McMillen says that when his busy schedule allows, he still gets out to some of the local kart tracks in Oregon, but hasn’t had a chance to do anything that serious with karts he says.
“I’ve always enjoyed karting and still try to go at least a few times a year.” McMillen said in an interview on his way to the 24 Hours of Dubai which he will compete with the Nissan Racing team in. “I like that GT6 has karting in it. I’ve only played with the karts a on the game a little bit. I think karting is harder to simulate compared to a road car in game. They seem to slide a ton more and the power in the game seems linear. I do really like that they are trying to get all aspects of four wheel racing in one game to make it well rounded.”
The chance to go from virtual to reality begins with playing the Gran Turismo series. For karting, the original courses offer fun and unique layouts. Perhaps the most unique are a pair of indoor tracks called “Kart Space I” and “Kart Space II”. Kart Space I is a 4/10 of a mile 11-turn circuit built in what looks and feels like a pinball machine. The 100cc kart was probably the best kart for these tracks, as it never got out of control, allowing you to stay in the gas most of the lap. The Gran Turismo Arena was a lot of fun also and the 125cc kart (Rotax) was my favorite kart for the arena circuit.
Choosing a race within the World Circuits tab will allow you to wheel a kart at some of the most famous racing circuits in the world such as Circuit De La Sarthe or Brands Hatch. American circuits include the infields of Daytona and Indianapolis, and my personal favorite, Laguna Seca. Flying around the high banks of Daytona, and hitting the corkscrew at Laguna Seca in a kart is a pretty wild experience.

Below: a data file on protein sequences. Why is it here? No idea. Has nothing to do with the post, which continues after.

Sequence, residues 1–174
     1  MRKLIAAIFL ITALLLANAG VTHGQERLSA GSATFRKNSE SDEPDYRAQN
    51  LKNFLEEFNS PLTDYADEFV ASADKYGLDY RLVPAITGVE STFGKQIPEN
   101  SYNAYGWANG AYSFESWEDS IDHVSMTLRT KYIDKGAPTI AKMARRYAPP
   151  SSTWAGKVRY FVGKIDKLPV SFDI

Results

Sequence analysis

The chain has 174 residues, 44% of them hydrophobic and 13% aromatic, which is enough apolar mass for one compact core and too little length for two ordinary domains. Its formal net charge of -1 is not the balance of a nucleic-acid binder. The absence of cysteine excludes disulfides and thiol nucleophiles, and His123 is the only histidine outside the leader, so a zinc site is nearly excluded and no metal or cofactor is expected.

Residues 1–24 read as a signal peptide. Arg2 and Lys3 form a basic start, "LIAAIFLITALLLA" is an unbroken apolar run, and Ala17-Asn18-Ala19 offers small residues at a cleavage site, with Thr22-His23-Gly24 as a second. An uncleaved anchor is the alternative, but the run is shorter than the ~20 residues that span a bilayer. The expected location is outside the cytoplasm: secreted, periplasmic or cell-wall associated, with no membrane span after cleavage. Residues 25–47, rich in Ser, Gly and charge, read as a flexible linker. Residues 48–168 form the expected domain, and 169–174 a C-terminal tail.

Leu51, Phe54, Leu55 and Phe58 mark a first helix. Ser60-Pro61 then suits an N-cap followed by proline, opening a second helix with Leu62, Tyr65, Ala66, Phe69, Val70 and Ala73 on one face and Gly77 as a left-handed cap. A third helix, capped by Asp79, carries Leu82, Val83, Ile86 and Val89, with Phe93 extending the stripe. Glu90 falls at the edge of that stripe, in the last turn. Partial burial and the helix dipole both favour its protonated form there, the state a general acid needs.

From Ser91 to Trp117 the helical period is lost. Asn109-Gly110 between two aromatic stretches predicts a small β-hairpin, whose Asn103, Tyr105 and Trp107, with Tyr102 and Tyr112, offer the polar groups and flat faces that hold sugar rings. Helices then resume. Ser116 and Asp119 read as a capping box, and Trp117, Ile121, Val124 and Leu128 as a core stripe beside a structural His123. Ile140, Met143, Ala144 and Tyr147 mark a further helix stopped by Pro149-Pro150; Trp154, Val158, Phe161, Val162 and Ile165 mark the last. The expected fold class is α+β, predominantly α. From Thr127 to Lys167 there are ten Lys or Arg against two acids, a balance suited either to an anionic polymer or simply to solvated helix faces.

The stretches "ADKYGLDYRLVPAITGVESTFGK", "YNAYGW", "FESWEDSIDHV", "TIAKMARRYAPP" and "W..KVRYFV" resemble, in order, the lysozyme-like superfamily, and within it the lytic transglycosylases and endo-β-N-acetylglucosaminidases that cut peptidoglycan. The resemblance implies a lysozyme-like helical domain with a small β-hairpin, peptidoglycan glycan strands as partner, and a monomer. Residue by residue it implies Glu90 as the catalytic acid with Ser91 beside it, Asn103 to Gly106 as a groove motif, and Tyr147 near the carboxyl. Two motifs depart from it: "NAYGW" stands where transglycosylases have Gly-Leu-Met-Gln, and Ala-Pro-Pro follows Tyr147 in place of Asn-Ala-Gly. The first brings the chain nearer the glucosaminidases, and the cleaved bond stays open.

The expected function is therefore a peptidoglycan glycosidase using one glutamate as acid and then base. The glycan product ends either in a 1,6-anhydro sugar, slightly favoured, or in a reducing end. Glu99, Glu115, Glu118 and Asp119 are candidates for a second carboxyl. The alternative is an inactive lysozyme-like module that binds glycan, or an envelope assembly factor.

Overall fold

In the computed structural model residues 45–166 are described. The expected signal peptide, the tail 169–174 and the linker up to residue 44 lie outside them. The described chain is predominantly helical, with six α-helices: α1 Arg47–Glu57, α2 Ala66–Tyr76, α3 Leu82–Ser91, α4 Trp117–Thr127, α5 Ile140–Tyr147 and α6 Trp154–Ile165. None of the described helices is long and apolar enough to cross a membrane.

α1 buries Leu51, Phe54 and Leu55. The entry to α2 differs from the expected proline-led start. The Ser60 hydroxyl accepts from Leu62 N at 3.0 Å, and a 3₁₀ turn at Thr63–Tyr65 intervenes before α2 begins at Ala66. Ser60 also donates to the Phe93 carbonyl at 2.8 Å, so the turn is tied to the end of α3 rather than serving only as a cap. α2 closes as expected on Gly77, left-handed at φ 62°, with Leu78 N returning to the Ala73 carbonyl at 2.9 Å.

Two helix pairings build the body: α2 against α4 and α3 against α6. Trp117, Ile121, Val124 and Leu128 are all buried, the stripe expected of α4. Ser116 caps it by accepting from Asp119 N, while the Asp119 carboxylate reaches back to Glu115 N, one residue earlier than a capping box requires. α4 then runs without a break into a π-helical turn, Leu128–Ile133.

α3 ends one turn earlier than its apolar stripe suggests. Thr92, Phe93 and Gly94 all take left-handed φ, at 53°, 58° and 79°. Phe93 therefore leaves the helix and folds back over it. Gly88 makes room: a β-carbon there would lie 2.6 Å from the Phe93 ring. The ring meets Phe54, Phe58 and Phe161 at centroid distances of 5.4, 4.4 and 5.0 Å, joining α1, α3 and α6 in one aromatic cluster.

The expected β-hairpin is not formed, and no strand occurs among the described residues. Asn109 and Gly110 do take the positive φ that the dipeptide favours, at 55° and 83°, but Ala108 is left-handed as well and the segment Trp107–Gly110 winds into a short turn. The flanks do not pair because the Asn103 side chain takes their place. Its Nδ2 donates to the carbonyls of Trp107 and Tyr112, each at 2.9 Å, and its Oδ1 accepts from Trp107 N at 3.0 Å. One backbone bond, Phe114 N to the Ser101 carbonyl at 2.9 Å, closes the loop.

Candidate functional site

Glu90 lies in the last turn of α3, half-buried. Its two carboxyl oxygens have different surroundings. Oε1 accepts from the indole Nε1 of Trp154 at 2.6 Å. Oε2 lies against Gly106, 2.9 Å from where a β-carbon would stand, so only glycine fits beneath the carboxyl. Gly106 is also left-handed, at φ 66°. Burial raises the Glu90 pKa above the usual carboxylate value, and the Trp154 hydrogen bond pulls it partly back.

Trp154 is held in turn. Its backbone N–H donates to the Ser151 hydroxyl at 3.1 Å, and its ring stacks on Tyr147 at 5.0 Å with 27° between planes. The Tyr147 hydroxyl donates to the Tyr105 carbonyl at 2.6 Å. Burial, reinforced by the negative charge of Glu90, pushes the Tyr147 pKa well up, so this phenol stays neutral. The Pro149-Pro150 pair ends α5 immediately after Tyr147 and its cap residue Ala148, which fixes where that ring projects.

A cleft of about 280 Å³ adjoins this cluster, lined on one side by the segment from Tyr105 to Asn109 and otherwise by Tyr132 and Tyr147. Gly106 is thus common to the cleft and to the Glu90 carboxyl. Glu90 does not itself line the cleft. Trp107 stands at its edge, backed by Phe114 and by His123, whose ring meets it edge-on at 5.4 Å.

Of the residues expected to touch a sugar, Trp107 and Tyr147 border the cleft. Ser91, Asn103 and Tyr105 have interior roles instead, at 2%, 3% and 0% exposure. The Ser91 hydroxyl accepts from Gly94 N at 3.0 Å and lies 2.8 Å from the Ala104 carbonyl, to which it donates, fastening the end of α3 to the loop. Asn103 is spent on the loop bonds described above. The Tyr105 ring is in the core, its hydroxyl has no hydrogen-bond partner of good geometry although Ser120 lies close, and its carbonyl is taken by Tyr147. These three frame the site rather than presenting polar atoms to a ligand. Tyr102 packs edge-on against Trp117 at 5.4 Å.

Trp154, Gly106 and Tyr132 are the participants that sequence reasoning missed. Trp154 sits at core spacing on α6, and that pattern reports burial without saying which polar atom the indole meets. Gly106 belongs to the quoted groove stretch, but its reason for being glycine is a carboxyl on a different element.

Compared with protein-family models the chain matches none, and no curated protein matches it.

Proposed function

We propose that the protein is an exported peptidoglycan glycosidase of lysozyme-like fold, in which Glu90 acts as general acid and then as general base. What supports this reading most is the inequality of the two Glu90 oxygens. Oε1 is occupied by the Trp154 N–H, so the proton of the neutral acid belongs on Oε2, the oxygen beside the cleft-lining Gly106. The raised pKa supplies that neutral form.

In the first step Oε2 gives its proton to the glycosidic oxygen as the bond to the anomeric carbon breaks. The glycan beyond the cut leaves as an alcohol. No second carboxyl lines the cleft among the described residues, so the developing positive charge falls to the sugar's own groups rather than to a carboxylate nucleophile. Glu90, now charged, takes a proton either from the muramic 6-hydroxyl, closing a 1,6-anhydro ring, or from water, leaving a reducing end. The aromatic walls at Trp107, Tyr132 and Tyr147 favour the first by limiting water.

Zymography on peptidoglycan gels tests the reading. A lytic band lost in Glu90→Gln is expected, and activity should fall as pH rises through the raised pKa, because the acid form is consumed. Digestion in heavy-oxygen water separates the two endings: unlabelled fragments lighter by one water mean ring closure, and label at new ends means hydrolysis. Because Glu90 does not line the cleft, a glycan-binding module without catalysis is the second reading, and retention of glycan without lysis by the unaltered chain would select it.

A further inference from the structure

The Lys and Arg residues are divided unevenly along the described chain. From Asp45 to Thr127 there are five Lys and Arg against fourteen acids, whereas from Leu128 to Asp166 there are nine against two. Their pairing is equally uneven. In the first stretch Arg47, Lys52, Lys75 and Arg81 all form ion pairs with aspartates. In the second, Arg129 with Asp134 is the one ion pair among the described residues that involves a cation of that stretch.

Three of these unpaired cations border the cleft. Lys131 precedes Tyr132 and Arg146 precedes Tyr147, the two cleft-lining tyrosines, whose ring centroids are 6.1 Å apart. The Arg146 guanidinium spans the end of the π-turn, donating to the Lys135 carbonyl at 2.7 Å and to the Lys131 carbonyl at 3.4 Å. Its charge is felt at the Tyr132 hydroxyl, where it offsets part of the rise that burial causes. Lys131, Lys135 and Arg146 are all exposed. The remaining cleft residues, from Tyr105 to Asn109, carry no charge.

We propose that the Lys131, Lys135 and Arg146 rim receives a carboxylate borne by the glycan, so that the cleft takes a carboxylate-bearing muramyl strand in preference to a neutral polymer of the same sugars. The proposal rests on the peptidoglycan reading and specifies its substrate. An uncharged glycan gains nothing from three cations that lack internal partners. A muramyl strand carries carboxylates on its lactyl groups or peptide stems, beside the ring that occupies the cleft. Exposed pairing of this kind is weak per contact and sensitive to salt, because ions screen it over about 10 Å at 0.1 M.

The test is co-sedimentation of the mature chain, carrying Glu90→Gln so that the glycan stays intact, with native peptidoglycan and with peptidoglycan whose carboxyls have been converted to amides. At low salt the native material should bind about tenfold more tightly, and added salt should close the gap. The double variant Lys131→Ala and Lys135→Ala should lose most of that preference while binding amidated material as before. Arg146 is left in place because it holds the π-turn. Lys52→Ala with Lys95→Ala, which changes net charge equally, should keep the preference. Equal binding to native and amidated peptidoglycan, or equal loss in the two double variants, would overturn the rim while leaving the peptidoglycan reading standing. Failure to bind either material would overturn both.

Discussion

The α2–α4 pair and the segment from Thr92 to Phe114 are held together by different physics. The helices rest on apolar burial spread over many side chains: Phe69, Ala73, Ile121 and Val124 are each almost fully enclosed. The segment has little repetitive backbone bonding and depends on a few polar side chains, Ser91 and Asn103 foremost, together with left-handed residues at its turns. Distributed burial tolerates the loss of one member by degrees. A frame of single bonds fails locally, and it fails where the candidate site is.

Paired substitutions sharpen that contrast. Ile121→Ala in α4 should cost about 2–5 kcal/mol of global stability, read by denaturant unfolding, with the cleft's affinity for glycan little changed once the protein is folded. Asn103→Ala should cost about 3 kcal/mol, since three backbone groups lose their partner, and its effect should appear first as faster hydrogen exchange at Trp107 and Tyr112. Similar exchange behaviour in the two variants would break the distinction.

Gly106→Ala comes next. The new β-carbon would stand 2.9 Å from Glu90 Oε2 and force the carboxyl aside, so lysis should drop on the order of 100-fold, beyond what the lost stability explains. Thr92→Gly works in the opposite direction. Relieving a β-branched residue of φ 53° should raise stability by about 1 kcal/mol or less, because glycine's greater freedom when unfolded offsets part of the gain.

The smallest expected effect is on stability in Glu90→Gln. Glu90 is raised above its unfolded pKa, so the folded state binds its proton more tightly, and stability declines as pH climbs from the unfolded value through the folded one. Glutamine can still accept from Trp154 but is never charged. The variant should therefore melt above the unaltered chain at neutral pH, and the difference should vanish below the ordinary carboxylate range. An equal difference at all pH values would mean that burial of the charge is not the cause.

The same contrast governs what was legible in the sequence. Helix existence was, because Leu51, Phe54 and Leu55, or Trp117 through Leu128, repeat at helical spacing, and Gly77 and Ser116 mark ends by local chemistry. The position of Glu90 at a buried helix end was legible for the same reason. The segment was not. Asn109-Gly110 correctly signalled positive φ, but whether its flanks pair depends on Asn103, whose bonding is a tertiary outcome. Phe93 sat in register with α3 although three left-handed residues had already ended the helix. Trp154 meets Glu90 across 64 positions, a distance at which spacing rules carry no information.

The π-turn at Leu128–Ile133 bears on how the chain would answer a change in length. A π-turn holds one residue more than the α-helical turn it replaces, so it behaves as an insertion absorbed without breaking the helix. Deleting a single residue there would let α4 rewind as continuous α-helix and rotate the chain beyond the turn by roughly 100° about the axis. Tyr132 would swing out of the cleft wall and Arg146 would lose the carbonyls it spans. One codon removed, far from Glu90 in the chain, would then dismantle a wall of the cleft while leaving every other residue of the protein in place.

GT6 does a pretty good job in my opinion when it comes to the feel of driving a kart. In comparison to any of the hundreds of other cars you can pilot in GT6, the karts are very sensitive in all fashions. The steering input is very touchy and the karts drive with a very light feeling in the entry to corners. Aggressive braking isn’t punished as bad as getting on the throttle too early. Jumping back on the gas in the shifter kart or the Rotax (in a tight enough corner) will be sure to bring the back end around instantly. In the 100 and 125cc single speed karts, momentum is key, in a tight train a bad corner can ruin your lap. If you plan on hitting the curbs in GT6, you better be good at it. Certain tracks allow you to lean on the inside curbing while others will send you spinning quickly – the final turn at Laguna Seca at full speed would be an example of the latter.
Other than small things, such as the shifter karts actually changing gears before the driver actually bumps the shift lever, and all of the kart’s having a very convenient reverse gear, I was very impressed with GT6 and the kart racing in the game. In my opinion, GT6’s karting was a vast improvement from what was offered in GT5 and the fact that you can take these karts on so many tracks is awesome. Additions to the karting side of the game that I can think of would include more karting specific tracks. Historic karting tracks like Adams Motorsports Park or Santa Maria, or the more modern facilities such as Miller Motorsports Park or the GoPro Motorplex would be a great addition to the next GT game.
The GT series is a terrific racing video game franchise that has changed motorsport video games for a long time to come. With the addition and vast improvement of karting in GT6 I would recommend the game to any motorsports, karting or video game enthusiast around. I had a blast playing GT6 and I’m sure you will too!